Wreck It Ralph Review

Everyone wants to be a hero, and who could blame them?

You’re the most popular guy in town, you get free pie or sometimes even a medal from your grateful neighbours and a truckload of groupies.

Ok, I made that last one up.

Truth is I wouldn’t know what a hero gets, because I’m not one.

And neither is Ralph.

You see, Ralph wrecks things; always has since he was programmed some thirty years ago.

It’s not his fault really, it’s just in his code.

But at least he’s sort of on equal billing in popular eighties arcade game Fix It Felix, though no prizes for guessing who the hero of this particular arcade game is.

Thirty years of playing the bad guy takes its toll though, and Ralph has started attending a bad guy’s anonymous group where Bowser, Zangief, Dr Robotnik, Pacman’s ghosts and many more classic arcade bad guys hang out and talk about how this makes them feel.

But even this doesn’t seem to help, so when Ralph hears about a nearby video game at his local Root Beer Tapper joint, the kind of game where he’ll get to be the hero and win a medal, our villain decides to take a break from his day job and try his hand at playing the hero.

Wreck It Ralph is the retro brainchild of co-writer, director and even voice actor Rich Moore, all about the adventures of an 8-bit villain called Ralph with a hero complex; and it’s an idea so fiendishly brilliant that you kind of wonder why nobody else was smart enough to dream it up until now.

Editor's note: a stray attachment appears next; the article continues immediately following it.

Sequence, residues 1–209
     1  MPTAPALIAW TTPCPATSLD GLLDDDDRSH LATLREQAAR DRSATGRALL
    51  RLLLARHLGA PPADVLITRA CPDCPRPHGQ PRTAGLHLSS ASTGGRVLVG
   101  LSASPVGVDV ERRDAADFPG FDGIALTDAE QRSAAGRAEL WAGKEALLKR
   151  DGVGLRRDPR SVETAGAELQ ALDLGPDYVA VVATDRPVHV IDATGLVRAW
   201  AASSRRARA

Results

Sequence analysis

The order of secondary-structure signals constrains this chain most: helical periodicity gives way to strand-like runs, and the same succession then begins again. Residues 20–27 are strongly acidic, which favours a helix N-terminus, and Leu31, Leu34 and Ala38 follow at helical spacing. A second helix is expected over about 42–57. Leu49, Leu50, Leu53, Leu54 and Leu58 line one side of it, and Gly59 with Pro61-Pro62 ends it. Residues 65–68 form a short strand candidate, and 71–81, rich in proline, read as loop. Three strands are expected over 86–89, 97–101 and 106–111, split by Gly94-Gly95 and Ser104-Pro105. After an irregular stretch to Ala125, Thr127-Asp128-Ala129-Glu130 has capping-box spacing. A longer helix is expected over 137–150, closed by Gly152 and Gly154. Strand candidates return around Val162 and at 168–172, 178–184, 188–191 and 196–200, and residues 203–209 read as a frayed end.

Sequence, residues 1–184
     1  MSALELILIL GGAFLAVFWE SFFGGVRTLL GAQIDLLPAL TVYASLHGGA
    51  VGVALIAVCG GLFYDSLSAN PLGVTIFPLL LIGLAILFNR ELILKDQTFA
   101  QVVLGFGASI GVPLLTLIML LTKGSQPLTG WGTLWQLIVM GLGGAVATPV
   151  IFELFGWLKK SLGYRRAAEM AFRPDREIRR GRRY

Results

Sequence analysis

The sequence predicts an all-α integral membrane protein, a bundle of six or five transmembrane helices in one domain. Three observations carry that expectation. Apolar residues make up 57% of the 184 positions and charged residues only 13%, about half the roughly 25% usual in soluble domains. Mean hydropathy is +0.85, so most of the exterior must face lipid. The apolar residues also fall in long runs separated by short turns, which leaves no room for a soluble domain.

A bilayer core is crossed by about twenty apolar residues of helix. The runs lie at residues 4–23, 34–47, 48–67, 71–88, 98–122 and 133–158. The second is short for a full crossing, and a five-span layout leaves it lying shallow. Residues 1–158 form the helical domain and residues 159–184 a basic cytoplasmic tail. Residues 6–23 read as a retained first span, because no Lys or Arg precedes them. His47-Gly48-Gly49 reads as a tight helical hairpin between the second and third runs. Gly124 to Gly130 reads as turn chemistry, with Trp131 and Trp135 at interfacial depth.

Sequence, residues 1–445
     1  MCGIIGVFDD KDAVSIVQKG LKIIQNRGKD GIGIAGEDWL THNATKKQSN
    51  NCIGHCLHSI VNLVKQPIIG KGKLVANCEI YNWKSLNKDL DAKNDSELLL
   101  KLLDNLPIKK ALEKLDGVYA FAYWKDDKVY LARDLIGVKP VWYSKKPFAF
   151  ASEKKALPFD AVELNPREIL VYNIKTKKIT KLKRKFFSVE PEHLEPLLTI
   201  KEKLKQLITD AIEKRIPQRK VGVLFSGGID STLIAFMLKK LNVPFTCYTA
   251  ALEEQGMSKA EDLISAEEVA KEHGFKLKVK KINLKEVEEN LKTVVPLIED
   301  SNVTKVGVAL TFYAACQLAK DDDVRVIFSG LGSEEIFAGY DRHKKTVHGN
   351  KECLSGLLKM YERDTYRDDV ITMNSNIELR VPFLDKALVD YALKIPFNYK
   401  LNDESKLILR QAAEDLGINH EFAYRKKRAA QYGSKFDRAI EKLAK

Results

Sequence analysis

Presumably inspired by the Rampage arcade game I still remember from my youth, where you could play as one of three different monsters and wreck a city’s skyscrapers in a non-terrorist way, Moore and co have crafted a story around old video game characters that we all know and love.

And by we, I mean me and anyone else in their early thirties.

Adding built in eighties references to the lush and child friendly animation is the perfect recipe for amusing little kids as well as the not so little children of this world, who I believe are more commonly referred to as parents.

Leading the grown up comic vocal talents are John C Reilly as Ralph, cementing his role as Hollywood’s go to man for the grumpier roles in film, whilst Sarah Silverman speaks her mind as Venelope, an adorable little girl with mischief in her blood who Ralph meets on his journey outside of his own game.

So whether you fancy yourself as a hero, or have simply accepted your role in life as the villain, Wreck It Ralph will make you laugh and cry in pretty much equal measure.

Well, it made me laugh and cry anyhow.

And here’s a final thought for any other villains out there; heroes can’t exist without us.

Jonathan Campbell

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February 2013
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